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My Mission

My mission is to teach. To show what Judaism has to offer and how living its life can be reconciled with modernity and living in two worlds.  And to make this learning enjoyable.

Most people want certainty and prefer not to ask uncomfortable questions. I believe in questioning. I do not believe in brainwashing or in closing minds. I embrace the fuzzy boundaries and inconsistencies of human beings and the process by which Judaism has developed, and continues to develop, to meet challenges.

Reality has many facets and there are “seventy faces to Torah.” I want to show the richness of tradition and its way of helping us cope with the challenges of life in our times. My goal is to help people find their own place in Judaism based on knowledge and experience.

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Most Recent Commentary

  • Nicknames
    My father loved giving nicknames. My younger brother Michael was called Mickey, and my youngest brother was called Buster. I was Rooky. That came from my Hebrew name, Yerucham. The English could not pronounce the guttural Chet sounds so it became Yerookam, and from that came Rooky, which stayed with me until my first rabbinic position, when I thought that it sounded a trifle too childish for the dignity of my new position. As headmaster my father extended nicknames to his favorite pupils. They [Click Title to Read More…]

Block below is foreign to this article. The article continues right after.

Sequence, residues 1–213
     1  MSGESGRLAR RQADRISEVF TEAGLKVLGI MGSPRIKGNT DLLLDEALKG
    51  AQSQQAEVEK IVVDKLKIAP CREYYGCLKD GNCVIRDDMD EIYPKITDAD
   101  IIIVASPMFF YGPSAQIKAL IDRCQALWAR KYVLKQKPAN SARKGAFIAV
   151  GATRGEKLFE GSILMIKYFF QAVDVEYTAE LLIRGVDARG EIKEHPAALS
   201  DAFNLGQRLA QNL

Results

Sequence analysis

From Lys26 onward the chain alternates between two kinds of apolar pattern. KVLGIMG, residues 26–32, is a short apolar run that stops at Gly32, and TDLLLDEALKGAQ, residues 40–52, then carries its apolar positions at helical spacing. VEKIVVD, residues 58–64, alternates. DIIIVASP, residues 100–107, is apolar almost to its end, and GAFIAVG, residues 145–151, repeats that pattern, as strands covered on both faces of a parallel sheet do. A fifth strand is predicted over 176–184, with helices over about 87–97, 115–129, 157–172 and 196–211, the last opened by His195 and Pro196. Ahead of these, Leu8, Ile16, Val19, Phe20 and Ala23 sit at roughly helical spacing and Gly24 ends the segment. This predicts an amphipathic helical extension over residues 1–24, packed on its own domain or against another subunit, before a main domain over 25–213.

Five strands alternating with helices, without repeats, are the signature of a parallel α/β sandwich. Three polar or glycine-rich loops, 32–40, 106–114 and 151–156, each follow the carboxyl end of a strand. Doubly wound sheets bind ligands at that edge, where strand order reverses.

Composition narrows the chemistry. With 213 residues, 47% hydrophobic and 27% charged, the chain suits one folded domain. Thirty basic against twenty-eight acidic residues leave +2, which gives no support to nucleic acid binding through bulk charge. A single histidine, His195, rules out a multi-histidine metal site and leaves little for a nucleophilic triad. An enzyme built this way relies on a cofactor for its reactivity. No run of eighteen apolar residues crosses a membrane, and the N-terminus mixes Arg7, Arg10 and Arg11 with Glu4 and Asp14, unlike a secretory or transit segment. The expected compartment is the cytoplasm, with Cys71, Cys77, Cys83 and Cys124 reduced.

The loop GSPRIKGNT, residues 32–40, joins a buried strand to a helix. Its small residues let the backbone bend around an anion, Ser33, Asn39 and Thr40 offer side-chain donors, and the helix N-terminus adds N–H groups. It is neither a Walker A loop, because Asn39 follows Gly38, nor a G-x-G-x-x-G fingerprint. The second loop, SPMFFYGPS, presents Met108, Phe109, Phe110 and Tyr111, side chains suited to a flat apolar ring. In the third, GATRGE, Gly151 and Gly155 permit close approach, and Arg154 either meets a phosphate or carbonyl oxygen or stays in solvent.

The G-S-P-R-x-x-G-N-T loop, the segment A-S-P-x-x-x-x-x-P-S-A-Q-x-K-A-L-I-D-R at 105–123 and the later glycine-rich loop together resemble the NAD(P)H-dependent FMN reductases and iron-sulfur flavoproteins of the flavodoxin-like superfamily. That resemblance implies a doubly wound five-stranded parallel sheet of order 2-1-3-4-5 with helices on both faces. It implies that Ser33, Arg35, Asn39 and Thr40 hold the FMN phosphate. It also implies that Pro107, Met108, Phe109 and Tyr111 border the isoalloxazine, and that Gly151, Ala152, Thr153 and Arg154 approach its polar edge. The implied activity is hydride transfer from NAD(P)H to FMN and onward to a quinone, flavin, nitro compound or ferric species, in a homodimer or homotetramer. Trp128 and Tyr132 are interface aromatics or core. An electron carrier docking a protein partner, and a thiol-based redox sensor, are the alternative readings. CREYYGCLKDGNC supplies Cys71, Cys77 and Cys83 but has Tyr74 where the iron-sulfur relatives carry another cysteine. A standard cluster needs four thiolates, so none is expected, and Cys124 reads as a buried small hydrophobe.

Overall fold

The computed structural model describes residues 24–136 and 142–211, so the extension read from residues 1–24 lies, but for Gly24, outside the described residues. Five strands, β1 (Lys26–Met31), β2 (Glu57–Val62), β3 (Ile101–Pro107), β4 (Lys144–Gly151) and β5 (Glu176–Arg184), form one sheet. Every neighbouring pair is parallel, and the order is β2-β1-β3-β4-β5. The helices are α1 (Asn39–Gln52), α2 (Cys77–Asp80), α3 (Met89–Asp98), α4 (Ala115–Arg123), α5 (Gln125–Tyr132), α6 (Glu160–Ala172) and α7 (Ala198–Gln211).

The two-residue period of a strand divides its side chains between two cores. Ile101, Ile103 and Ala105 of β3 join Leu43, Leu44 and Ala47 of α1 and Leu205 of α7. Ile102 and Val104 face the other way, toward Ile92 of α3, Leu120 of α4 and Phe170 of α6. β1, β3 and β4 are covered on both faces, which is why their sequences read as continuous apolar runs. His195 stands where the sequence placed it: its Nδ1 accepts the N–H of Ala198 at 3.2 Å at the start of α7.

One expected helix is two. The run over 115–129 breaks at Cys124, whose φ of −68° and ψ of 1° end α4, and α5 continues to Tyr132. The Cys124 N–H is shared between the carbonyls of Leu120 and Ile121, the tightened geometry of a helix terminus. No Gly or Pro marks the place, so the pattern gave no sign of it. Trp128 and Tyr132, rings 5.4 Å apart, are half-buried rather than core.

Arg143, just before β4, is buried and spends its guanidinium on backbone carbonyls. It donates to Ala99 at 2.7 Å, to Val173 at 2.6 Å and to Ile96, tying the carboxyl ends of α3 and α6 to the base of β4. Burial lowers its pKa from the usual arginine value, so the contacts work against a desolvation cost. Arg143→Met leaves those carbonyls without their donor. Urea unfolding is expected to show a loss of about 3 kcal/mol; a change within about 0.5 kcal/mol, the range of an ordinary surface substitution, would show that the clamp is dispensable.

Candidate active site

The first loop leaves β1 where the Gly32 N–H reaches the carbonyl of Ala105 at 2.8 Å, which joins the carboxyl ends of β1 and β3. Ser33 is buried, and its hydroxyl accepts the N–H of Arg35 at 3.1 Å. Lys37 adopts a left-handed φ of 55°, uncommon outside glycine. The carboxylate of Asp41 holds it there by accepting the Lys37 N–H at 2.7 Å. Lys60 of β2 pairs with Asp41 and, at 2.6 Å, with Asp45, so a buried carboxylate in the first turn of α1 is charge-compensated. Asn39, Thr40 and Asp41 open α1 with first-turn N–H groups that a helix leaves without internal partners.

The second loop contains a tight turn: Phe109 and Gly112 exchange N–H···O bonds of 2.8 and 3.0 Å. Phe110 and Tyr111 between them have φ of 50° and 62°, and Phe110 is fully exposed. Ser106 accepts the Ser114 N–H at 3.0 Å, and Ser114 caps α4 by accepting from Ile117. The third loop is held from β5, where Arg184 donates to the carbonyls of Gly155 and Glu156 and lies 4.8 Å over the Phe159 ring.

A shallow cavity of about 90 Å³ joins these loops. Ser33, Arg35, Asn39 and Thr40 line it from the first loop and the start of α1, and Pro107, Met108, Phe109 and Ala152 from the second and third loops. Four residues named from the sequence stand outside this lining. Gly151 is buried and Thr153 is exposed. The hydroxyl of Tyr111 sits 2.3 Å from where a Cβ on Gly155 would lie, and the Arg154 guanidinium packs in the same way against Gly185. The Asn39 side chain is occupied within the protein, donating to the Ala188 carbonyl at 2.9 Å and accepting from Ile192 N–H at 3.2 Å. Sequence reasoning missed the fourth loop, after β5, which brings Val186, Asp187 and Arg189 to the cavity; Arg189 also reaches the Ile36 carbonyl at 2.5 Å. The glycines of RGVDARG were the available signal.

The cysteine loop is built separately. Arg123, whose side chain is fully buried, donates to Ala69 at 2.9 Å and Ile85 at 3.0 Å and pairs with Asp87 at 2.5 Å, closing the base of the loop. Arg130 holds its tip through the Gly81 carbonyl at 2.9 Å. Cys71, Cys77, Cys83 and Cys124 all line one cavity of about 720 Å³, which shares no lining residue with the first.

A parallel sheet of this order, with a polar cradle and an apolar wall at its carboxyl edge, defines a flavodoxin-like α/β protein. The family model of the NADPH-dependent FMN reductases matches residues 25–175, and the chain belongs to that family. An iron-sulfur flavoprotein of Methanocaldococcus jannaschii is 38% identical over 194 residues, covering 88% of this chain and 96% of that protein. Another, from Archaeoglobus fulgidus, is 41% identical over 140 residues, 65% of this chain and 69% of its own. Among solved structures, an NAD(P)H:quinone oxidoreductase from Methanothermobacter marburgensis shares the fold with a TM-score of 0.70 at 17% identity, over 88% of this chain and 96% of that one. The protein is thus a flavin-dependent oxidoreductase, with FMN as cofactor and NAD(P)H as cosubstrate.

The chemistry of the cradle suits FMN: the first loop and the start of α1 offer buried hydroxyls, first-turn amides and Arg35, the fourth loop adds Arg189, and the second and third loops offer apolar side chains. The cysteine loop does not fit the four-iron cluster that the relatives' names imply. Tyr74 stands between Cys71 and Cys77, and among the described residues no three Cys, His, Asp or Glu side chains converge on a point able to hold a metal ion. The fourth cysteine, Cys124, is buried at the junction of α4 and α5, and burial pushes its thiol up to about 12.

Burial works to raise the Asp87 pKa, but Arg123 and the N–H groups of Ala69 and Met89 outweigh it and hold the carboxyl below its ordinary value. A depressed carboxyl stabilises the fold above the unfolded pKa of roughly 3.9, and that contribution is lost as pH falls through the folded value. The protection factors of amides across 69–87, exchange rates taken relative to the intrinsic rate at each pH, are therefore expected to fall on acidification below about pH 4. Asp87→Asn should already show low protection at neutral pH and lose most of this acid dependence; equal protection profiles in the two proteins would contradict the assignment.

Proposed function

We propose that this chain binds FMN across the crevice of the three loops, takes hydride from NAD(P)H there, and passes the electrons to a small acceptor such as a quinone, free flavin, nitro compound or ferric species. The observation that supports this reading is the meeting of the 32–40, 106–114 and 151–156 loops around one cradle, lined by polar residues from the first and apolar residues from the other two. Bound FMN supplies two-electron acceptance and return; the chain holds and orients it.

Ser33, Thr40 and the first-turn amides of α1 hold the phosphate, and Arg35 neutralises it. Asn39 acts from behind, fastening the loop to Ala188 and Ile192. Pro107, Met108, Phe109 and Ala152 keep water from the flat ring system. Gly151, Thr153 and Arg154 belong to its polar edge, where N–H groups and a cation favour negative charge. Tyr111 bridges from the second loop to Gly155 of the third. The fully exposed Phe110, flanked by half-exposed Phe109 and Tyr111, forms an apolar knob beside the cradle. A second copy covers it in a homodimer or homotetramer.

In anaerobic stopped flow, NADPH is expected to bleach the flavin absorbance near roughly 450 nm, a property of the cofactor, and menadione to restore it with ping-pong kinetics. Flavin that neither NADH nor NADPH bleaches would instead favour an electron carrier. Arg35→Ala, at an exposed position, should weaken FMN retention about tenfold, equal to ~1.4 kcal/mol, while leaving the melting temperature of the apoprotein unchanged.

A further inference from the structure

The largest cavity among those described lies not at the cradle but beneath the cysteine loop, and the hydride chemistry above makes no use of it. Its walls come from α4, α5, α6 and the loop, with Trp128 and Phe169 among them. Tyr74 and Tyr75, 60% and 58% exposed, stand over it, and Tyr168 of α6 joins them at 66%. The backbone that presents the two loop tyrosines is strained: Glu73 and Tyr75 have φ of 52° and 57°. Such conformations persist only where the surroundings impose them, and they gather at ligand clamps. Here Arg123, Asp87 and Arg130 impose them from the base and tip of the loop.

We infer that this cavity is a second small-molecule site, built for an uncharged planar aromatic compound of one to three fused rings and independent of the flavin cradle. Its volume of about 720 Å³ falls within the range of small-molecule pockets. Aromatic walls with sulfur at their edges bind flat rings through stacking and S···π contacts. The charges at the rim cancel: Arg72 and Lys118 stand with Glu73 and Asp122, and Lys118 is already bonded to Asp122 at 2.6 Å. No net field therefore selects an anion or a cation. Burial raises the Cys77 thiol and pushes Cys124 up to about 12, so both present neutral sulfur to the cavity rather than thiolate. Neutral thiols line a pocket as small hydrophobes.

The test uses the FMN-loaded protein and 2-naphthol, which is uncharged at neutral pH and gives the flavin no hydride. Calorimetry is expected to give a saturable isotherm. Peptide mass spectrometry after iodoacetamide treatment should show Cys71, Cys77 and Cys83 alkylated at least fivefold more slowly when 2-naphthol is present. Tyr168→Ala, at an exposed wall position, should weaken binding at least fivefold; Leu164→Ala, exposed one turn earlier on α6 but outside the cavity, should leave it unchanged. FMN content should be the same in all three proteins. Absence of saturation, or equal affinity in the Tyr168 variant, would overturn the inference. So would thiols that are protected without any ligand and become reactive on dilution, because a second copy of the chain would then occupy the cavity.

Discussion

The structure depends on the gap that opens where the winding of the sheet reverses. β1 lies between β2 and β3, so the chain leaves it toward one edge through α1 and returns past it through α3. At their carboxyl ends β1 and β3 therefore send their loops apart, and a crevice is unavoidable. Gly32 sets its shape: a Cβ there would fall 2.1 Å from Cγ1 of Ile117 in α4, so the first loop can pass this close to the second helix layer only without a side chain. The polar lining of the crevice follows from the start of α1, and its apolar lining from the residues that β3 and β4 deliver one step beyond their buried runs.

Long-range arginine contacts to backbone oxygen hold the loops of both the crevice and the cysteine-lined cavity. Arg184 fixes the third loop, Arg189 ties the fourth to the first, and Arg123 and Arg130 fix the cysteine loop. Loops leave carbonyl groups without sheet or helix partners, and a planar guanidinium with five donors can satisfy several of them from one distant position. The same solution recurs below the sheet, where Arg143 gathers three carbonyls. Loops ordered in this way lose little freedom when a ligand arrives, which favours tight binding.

Can we Talk About Religion

In this enlightening look at spirituality, professor and rabbi Jeremy Rosen investigates the nature and aims of religions, their role in human communities, and their potential for compatibility with modern societies that promote tolerance and unity.

Can We Talk About God

Does God exist?  Is God provable?  More often than not, when questions like this arise, rational thinkers want to run for the hills - but what if it's possible to objectively analyze God and other matters of faith?

Commitment and Controversy: Living in Two Worlds

Rabbi Rosen addresses the myriad social, political and cultural challenges facing Judaism today in this stunning collection of blogs, essays and papers that share his sensitive yet thought-provoking analysis of modern Jewish life.